Debtors assert that the transfer by perfection was a transfer made on account of an antecedent debt. Debtors argue, therefore, that the perfection of the security interest constituted a preferential transfer under 11 U.S.C. § 547(b). (7) Appellants respond that, since the in personam liability of the Debtors was extinguished in Case I, there was no antecedent debt owing which would trigger the application of the preference section. Because of our conclusion as to Appellants' final argument, we need not reach this point.
Appellants finally argue that, even if the re-perfection were a preference, the Debtors cannot avoid it because of § 522(h). Assuming such a finding for purposes of argument, we hold that Appellants are correct.
A debtor may avoid a lien as a preference under §547 only by invoking 11 U.S.C. § 522(h), which provides that
The debtor may avoid a transfer of property of the debtor or recover a setoff to the extent that the debtor could have exempted such property under subsection (g)(1) of this section if the trustee had avoided such transfer, if--
(1) such transfer is avoidable by the trustee under section 544, 545, 547, 548, 549, or 724(a) of this title or recoverable by the trustee under section 553 of this title; and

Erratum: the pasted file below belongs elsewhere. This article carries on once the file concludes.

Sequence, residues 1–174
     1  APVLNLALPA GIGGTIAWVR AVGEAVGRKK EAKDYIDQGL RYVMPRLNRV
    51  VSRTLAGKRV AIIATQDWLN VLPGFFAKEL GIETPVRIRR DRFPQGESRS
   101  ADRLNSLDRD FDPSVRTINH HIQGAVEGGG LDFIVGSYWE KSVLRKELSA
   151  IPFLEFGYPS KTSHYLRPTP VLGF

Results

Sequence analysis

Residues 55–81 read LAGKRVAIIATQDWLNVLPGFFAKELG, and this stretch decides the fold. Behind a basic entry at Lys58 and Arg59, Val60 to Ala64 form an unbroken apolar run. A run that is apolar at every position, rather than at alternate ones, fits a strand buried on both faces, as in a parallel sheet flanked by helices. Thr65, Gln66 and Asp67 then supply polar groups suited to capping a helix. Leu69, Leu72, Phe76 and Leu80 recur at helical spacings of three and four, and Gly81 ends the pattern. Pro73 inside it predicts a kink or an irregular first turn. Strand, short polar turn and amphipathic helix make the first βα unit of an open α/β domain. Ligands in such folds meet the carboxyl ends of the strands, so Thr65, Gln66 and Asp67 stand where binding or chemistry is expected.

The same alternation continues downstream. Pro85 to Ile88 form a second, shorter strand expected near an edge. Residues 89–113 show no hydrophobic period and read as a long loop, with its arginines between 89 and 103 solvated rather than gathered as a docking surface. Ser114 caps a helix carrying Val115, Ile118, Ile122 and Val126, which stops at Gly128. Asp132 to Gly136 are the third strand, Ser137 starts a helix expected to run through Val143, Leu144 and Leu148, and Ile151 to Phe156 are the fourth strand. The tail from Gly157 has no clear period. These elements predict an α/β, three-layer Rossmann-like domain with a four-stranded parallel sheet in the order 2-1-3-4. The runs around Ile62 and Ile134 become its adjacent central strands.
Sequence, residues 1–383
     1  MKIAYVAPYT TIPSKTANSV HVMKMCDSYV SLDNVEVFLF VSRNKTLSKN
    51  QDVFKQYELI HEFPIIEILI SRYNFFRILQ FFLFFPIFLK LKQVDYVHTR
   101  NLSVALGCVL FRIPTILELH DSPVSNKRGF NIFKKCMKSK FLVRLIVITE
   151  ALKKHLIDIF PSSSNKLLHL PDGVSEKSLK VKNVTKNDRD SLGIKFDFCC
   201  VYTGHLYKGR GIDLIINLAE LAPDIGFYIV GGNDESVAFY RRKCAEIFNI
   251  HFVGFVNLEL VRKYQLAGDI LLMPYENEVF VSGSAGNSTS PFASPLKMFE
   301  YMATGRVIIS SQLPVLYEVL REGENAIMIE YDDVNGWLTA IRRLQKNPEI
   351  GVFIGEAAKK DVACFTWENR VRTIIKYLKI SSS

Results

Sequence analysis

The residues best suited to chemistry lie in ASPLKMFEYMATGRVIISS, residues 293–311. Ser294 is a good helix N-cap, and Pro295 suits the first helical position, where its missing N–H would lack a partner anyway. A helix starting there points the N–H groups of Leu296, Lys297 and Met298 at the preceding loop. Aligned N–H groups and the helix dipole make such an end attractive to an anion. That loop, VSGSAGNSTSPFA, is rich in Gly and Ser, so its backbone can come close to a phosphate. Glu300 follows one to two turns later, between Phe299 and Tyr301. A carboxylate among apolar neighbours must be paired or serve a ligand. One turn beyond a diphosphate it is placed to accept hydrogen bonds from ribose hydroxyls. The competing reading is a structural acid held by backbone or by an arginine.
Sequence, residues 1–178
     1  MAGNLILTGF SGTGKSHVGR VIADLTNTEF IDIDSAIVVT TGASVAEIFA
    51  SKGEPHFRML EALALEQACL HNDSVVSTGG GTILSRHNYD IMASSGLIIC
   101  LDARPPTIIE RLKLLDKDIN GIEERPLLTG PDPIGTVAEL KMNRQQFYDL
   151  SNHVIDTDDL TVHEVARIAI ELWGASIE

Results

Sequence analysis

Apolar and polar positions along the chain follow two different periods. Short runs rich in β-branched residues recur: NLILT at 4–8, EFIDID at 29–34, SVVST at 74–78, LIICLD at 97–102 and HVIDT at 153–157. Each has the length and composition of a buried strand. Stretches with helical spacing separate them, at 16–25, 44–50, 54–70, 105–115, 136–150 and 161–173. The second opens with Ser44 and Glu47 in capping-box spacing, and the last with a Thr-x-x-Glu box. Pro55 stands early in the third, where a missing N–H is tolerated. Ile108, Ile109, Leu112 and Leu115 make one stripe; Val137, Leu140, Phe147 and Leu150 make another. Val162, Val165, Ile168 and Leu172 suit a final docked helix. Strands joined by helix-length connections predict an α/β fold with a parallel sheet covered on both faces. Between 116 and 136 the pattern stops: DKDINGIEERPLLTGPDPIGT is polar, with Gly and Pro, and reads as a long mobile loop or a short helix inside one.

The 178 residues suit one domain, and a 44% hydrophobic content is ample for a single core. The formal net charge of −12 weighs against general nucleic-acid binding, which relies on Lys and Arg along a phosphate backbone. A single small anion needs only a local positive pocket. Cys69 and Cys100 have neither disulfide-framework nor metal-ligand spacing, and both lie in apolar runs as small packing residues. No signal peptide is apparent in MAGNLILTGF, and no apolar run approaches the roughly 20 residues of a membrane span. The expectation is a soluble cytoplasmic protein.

(2) the trustee does not attempt to avoid such transfer.
11 U.S.C. § 522(h) (emphasis added).
It appears that the trustee made no effort to avoid the transfer.
The emphasized limitation in § 522(h) requires us to find that the Debtors would be entitled to claim an exemption in the mobile home under § 522(g)(1) before they can utilize their avoidance powers. The latter section provides that:
Notwithstanding sections 550 and 551 of this title, the debtor may exempt under subsection (b) of this section property that the trustee recovers under sections 510(c)(2), 542, 543, 550, 551, or 553 of this title, to the extent that the debtor could have exempted such property under subsection (b) of this section if such property had not been transferred, if--